cyber threats news

The race continues over which side of cybersecurity will gain the upper hand in the next few years. There are some good news and a few alarming ones. But one detail stands out in the 2022 study by Rapid7: the bad side appears to be gaining speed.  

Rapid7’s Vulnerability Intelligence Report found that criminal hackers are building and unleashing exploits much faster than they did before, leaving businesses with a shrinking window of time to respond. According to the report — which examined 50 vulnerabilities that pose a serious risk to companies – 56% of vulnerabilities were exploited within seven days of their disclosure to the public. That represents a 12% increase over the same figures in 2021 and an 87% rise over those for 2020.  

Meanwhile, the median time for exploitation in 2022 was just one day across all the vulnerabilities examined in the report. A whopping 43% of widespread threats began with a zero-day exploit.  

While both those figures already trigger alarm bells, they are lower compared to those for 2021. The average time to known exploitation (TTKE) in 2022 was 24.5 days, a vast improvement over the 2021 figure of just 12 days. However, averages can be influenced by outlying data points (one exploit, for example, can take several weeks). That’s why taking the median value (instead of the average) paints a more accurate and complete picture. In this case, the 12 percent year-over-year rise in exploits within one week of disclosure should send shivers down every IT security expert’s spine. More alarmingly, nearly 80% of all those exploits were pulled off by criminal hackers in just a single day.  

What do these mean for organizations?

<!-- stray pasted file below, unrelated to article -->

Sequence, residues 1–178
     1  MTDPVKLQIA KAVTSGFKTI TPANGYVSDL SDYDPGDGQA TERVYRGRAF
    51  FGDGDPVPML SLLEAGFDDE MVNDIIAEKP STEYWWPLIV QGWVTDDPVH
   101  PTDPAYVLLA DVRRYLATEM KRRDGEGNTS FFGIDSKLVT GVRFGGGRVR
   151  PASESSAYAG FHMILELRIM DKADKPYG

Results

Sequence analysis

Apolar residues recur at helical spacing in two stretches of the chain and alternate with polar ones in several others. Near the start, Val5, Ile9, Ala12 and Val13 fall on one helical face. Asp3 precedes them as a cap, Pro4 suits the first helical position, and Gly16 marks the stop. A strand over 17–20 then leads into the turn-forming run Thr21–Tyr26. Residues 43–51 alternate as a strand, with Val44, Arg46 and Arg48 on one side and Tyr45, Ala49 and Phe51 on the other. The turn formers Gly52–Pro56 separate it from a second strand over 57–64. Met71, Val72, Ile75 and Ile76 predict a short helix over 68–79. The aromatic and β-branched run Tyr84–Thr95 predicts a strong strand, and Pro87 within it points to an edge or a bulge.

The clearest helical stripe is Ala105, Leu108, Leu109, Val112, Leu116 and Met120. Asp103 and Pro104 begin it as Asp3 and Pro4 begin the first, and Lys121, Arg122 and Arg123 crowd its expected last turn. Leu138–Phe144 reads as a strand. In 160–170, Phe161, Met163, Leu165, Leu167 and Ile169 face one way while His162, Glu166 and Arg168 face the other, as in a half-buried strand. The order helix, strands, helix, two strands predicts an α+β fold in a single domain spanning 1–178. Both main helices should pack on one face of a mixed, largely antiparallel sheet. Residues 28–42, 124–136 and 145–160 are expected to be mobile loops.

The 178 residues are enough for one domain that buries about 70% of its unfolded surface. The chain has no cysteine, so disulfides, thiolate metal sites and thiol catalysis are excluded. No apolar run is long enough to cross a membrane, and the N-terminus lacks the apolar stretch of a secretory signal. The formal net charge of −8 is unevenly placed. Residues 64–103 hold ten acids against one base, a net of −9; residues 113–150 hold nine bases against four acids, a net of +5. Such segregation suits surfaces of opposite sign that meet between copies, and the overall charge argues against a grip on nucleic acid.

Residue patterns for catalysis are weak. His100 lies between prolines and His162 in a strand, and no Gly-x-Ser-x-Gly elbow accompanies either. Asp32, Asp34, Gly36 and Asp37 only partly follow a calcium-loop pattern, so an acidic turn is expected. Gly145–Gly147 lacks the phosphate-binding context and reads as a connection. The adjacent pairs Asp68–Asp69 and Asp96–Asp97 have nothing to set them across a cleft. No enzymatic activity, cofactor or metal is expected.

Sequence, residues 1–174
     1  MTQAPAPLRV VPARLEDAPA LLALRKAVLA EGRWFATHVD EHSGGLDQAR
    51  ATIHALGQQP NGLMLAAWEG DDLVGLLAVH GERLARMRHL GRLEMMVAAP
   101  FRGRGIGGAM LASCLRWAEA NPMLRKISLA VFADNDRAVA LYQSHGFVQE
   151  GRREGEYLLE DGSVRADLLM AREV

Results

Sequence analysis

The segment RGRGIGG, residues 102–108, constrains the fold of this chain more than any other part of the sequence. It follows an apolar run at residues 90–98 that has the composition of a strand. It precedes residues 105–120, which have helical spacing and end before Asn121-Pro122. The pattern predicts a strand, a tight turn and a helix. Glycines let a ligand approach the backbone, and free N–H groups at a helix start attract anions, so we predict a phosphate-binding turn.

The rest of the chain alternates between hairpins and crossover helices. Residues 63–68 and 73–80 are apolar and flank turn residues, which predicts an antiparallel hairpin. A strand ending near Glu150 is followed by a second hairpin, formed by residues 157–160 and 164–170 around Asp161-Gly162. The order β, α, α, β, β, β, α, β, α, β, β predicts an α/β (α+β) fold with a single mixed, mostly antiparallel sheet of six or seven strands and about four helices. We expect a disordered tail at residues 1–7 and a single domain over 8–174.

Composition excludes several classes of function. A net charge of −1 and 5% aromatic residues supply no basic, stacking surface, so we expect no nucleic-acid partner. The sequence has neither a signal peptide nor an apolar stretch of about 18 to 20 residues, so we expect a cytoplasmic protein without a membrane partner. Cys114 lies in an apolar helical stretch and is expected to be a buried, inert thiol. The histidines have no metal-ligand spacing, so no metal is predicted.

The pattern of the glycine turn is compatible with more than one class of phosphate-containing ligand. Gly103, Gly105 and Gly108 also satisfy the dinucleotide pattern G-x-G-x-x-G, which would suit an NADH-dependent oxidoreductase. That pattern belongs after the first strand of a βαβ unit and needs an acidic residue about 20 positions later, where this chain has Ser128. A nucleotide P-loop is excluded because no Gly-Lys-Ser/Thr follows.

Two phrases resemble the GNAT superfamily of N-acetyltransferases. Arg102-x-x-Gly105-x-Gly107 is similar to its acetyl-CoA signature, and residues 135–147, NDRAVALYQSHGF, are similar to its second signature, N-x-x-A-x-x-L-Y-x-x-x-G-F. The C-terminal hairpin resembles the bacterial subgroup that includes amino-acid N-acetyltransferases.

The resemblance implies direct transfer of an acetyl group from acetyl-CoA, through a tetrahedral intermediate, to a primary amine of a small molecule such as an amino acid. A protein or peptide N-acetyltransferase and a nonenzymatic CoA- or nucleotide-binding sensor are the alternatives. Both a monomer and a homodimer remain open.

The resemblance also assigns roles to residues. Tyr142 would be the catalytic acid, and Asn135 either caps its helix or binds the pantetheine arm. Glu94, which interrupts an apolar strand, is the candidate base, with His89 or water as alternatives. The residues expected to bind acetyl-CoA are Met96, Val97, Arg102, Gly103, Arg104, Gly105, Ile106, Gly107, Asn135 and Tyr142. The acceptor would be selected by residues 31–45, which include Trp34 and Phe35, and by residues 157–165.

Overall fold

First, let’s define the key concepts.  

A vulnerability refers to a particular weakness in a system component such as hardware, software, or process.  

On the other hand, an exploit (as used in cybersecurity) refers to the method, toolset, or technique developed by a hacker to take advantage of a vulnerability to corrupt, compromise, or breach a system. An exploit can be a piece of software, a process, or a sequence of commands.  

Back to the report. Rapid7’s study yielded many significant findings, and not all were negative. For example, widespread exploitation of new vulnerabilities decreased in 2022 compared to the previous year. While remaining a severe threat, zero-day exploitation is also down from 52% in 2021 to 43% in 2022.  

While those trends appear promising, there’s more to the picture than meets the eye. One major concern raised by the study is the shrinking time window within which organizations can respond to lightning-fast exploits.  

Here are the key takeaways:    

  • Threat actors waste no time exploiting vulnerabilities as soon as these are discovered.  
  • Organizations can do no less when it comes to remediating those vulnerabilities. Your company should implement emergency patching and incident response procedures that prioritize widely exploited CVEs (common vulnerabilities and exposures).  
  • Operating system updates and patches should always be kept current without exception or delay. For critical systems, a zero-day patch cycle should be the default protocol.  
  • Your IT team or managed security provider should establish more effective controls and countermeasures that help prevent the exploitation of as many vulnerabilities as possible. Limiting internet exposure of crucial applications and administrative interfaces can help reduce the area of your attack surface.  
  • Regular technology audits, risk assessments, and external penetration tests will proactively help your organization detect, identify, and remediate vulnerabilities.  

Many advanced cybersecurity platforms and managed security providers can help you detect, analyze, and address vulnerabilities in your critical assets.  

Call one as soon as you can.  

Remember, companies might choose to dilly-dally on security. But threat actors certainly won’t.